If one performance left me off-balance this year, it was Pierce, as an everyman gay New Yorker in "A Life," by author Adam Bock, which had its world premiere at Playwrights Horizons. Pierce played Nate, a proofreader with a relatable circle of friends. Just as we're discovering the parallels between his life and our own, Nate collapses. The drama's second half depicts the banal mechanics of a distinctly urban death: a medical examiner interrupts the process of body removal for a casual cell phone chat, and so on. Even as a lifeless corpse, Pierce managed to leave audiences dwelling on what's arguably every New Yorker's greatest fear: dying alone. —RK
Ben Platt, "Dear Evan Hansen"
Years from now, Ben Platt's pitch-perfect performance in "Dear Evan Hansen" will be discussed with the same "you had to see it to believe it" rhetoric often associated with Broadway legends. In the hands of another actor, the show's title character could easily play as a self-absorbed, annoyingly neurotic geek. But Platt finds levels to Evan not seen on the page — so supremely embodying his anxieties and complexities that you can't help but relate. It's a raw, full, and frighteningly realistic performance that will bring you to tears multiple times throughout the show and surely propel Platt to stardom. Did I mention he's just 23 years old? Start prepping that Tony speech now, Ben. You'll no doubt need it. —DQ
Daniel Radcliffe, "Privacy"
The Public's "Privacy" was a disquieting comic thriller about the degree to which ordinary consumers have unwittingly released private details of their lives into the world. Who better to guide us on that tour than innocent and trustworthy Daniel Radcliffe? "Privacy" was a participatory project, with audiences encouraged to keep cellphones on, logged into a dedicated WiFi network. Turned out, that network was scanning our Facebook profiles and learning the private networks we'd previously signed onto ... and soon displaying them on a digital screen above Radcliffe's head. One effective sequence had the British actor speed-dating with audience "matches," and being forced to admit he lied on a dating profile about his height. I went home and changed every password I had. —RK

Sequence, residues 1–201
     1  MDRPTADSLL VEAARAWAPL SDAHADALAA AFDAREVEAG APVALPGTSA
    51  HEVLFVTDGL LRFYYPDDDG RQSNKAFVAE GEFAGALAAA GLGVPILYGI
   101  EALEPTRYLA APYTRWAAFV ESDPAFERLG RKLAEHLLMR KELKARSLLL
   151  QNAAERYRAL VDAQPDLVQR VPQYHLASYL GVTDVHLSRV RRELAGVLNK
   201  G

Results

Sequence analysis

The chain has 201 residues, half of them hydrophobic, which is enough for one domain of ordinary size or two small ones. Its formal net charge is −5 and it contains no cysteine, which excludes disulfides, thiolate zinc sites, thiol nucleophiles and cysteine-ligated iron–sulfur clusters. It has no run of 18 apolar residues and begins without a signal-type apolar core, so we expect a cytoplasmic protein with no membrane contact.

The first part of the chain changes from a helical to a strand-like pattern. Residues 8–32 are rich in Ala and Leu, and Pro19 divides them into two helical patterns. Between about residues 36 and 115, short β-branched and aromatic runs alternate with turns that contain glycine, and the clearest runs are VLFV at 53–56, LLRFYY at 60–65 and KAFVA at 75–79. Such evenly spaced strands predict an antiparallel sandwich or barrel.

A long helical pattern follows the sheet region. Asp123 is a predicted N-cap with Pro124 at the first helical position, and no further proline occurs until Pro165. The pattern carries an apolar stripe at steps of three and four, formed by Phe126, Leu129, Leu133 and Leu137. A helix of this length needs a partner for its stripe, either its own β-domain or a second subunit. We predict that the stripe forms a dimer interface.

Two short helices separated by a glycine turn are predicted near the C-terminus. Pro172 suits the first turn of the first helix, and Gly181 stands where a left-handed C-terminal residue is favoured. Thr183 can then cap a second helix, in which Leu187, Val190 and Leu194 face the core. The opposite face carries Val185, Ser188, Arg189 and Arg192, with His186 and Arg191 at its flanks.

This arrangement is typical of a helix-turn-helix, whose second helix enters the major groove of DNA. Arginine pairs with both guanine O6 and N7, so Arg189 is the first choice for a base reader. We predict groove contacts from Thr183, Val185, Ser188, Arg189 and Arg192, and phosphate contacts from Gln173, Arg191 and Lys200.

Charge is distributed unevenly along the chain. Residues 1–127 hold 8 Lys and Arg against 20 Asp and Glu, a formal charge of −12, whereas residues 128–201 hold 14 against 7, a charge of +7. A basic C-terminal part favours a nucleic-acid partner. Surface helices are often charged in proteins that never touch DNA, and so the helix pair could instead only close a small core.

Carmen Cusack, as a woman telling her unbelievable story in "Bright Star" ... Johanna Day, as an uncompromising factory worker in "Sweat" ... Chris Fitzgerald, as a scene-stealing persistent romantic in "Waitress" ... John Gallagher Jr., as fragile son Edmund in Roundabout's "Long Day's Journey" ... Megan Hilty, as a ditzy blonde actress going through the motions in "Noises Off" ... Nick Kroll and John Mulaney, as the hilarious Gil Faizon and George St. Geegland in "Oh, Hello!" ... Kecia Lewis, for both CSC's "Mother Courage" and the Atlantic's "Marie & Rosetta" ... Amy Ryan, as a selfish boomer in "Love, Love, Love" ... Michelle Williams, as a sexual-abuse victim in "Blackbird."